Mr. Spicer often complains that White House correspondents who aggressively questioned the Trump administration now give Mr. Biden a free pass. (The correspondents disagree.) He also expressed displeasure over what he perceived to be a grievous insult on Ms. Psaki’s part. Speaking about why Trump loyalists were asked to resign from the board of the United States Military Academy, she told reporters, “I will let others evaluate whether they think Kellyanne Conway and Sean Spicer and others were qualified.”
“Jen chose to stand and question my qualifications and services to this country. Once she did that, the gloves were off,” Mr. Spicer said. (In 2017, when Mr. Spicer was roundly criticized for referring to Nazi death camps as “Holocaust centers,” Ms. Psaki was more magnanimous. “It’s a really tough job, everybody screws up,” she said on CNN at the time.)
Mr. Biden has urged Ms. Psaki to eschew acronyms and other governmental jargon, once chastising her for using the corporate term “R & D” — research and development — in a response. Unlike Mr. Trump, Mr. Biden does not usually watch briefings in real time, but he is known to catch snippets on cable news during the day when he has gaps in his schedule.
She has also conceded some missteps, like an early outing in which she seemed to lightly mock the Space Force, the new military branch created by President Trump. She now keeps a Space Force pin at her desk as a reminder of the impact of her words. (Absent from her office is the traditional flak jacket passed down cheekily among White House press secretaries; it apparently went missing in January.)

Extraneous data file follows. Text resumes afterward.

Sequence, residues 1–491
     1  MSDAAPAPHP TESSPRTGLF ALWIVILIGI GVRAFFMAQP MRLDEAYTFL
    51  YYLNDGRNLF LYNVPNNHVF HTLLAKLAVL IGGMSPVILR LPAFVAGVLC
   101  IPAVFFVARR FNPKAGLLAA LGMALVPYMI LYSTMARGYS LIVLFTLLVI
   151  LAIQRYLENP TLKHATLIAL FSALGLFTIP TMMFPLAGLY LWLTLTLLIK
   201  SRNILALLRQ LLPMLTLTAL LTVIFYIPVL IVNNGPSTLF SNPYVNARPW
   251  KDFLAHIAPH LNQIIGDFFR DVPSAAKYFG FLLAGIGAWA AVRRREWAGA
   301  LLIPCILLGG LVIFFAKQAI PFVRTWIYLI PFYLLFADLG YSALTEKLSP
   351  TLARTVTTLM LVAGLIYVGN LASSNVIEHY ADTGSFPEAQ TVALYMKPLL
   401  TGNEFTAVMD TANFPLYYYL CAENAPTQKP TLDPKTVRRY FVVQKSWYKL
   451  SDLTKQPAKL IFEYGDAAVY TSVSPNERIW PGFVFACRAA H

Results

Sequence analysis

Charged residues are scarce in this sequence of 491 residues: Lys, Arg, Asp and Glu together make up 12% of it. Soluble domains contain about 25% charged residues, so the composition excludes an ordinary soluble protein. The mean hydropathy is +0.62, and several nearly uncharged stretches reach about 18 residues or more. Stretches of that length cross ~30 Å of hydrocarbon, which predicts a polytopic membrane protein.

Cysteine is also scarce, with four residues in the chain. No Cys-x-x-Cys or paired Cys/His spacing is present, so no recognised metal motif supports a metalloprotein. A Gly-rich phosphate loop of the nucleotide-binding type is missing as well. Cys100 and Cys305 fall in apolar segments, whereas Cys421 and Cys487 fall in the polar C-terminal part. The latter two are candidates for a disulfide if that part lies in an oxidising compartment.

Mr. Biden is no one’s idea of a careful public speaker. (As Mr. Axelrod once put it, “He is not a precision instrument.”) Ms. Psaki’s primary task is to interpret and in some cases clean up his comments for the record, a responsibility that has been even tougher in recent weeks.
Rahm Emanuel, who worked with Ms. Psaki on Democratic campaigns and recommended her to the Obama team, said he texted Ronald Klain, Mr. Biden’s chief of staff, on the day her appointment was announced. “I said you’re going to count your blessings, in the days to come, that you made this decision,” he said. “You’re not going to have to worry about what goes on in that room.”